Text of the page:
The Langobards or Lombards were the last Germanic group to invade the Roman Mediterranean, crossing the Alps into Italy in 568-9. They were nonetheless one of the longest-lasting, for their state survived Charlemagne's conquest in 774, and was the core of the medieval kingdom of Italy. The incompleteness of their conquest of Italy was also one of the root causes of Italian division for over 1300 years after their arrival. But they present a challenge to the historian, for most of the evidence for them dates to the last half-century of their independence, up to 774, a period in which Langobard Italy was a coherent and apparently tightly-governed state by early medieval standards. How they reached this from the incoherent and disorganised situation visible in late sixth-century Italy is still a matter of debate.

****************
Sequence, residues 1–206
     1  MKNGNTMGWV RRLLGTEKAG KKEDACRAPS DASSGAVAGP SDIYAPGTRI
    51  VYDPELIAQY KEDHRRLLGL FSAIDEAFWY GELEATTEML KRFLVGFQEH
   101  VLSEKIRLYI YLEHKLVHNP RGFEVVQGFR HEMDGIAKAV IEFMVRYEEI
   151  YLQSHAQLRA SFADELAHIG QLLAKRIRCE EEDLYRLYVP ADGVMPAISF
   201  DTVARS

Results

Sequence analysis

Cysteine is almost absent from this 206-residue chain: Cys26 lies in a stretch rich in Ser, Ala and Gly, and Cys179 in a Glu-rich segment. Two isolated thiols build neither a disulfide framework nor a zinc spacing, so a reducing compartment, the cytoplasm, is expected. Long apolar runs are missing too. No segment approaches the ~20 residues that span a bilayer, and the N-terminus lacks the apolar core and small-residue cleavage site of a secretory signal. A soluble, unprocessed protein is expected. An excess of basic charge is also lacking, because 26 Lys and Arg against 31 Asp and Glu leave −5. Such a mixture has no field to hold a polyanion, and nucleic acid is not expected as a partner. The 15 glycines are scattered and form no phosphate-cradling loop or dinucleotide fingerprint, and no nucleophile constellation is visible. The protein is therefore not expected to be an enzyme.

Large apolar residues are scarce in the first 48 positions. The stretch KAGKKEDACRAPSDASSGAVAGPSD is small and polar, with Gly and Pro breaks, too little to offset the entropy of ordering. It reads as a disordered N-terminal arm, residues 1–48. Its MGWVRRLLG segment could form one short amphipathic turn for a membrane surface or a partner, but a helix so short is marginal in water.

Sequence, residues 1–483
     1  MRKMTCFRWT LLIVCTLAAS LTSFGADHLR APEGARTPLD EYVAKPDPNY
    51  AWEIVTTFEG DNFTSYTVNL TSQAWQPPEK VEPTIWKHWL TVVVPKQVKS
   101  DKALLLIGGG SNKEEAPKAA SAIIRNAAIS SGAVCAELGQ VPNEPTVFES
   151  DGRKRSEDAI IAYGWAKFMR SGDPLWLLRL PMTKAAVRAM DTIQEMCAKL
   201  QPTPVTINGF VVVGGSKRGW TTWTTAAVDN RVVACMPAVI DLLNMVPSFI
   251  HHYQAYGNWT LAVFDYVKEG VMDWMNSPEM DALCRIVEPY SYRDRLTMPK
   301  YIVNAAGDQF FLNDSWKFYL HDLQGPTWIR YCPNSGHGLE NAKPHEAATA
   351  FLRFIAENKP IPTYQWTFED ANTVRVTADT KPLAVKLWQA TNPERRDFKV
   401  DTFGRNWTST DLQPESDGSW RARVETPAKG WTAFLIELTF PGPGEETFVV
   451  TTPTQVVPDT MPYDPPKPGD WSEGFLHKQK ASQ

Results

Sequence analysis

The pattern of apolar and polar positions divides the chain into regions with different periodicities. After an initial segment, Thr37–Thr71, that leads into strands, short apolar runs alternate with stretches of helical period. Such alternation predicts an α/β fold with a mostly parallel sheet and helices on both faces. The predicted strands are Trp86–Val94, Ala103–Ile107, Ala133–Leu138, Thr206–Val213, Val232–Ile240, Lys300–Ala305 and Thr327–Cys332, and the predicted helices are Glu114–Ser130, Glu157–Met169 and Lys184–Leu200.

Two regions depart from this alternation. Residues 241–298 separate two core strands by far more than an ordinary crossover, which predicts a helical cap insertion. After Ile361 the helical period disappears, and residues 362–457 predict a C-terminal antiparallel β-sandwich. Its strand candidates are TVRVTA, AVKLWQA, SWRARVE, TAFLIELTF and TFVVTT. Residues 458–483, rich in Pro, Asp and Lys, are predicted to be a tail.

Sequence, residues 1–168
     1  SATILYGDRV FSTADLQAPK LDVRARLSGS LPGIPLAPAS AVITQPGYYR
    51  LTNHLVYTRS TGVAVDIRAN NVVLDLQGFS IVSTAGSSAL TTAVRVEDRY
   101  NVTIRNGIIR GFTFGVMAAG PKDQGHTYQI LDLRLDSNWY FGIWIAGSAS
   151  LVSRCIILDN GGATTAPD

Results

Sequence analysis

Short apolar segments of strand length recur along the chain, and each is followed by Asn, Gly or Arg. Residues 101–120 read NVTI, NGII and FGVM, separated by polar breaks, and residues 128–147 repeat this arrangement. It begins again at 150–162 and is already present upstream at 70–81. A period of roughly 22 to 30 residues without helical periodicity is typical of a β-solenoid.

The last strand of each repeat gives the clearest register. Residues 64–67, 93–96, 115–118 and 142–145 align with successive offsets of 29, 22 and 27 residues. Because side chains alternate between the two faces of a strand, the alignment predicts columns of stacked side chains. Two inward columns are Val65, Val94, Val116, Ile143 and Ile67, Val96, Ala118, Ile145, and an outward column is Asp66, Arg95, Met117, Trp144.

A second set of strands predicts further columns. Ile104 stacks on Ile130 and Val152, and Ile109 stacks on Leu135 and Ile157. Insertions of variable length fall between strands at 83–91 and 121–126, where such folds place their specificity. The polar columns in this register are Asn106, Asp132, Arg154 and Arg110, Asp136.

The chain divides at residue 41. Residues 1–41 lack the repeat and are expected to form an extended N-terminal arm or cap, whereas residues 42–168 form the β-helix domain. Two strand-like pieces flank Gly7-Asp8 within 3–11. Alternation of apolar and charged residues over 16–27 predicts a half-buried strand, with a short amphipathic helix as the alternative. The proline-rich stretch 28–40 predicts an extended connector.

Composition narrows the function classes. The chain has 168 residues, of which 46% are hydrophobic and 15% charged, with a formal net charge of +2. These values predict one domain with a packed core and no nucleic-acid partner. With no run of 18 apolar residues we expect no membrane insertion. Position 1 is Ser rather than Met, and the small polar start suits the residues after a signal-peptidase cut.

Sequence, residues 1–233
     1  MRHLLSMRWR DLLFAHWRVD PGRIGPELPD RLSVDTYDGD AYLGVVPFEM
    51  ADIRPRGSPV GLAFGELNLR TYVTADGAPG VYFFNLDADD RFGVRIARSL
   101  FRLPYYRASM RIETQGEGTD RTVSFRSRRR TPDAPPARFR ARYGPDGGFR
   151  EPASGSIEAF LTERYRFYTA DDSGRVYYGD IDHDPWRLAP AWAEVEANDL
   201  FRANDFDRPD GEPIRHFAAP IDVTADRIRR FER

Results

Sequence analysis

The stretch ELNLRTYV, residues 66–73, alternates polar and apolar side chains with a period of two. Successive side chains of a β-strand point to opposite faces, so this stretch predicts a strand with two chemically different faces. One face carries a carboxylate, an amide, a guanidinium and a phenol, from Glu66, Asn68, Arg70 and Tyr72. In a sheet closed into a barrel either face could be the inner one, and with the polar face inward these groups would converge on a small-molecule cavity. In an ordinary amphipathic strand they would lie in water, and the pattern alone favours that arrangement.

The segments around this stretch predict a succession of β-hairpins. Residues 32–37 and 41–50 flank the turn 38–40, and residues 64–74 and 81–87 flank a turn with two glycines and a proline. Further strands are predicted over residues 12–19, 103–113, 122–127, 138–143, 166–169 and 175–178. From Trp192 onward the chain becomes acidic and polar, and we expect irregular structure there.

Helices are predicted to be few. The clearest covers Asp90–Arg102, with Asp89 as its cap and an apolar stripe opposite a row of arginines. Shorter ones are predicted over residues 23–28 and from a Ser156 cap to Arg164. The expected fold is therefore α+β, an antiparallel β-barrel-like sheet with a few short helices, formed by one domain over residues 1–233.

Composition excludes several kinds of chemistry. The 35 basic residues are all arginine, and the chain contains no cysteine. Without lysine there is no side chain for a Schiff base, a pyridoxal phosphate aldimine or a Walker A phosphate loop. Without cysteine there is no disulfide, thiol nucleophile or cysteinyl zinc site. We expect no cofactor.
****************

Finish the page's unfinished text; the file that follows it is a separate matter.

The historians and archaeologists who contribute to this volume discuss Langobard archaeology and material culture both before and after their invasion, Langobard language, political organisation, the church, social structures, family structures, and urban economy. It is thus an important and up to date starting point for future research on early medieval Italy.
Contributors: G. AUSENDA, S. BARNISH, S. BRATHER, T.S. BROWN, N. CHRISTIE, M. COSTAMBEYS, P. DELOGU, D. GREEN, W. HAUBRICHS, J. HENNING, B. WARD-PERKINS, C. WICKHAM.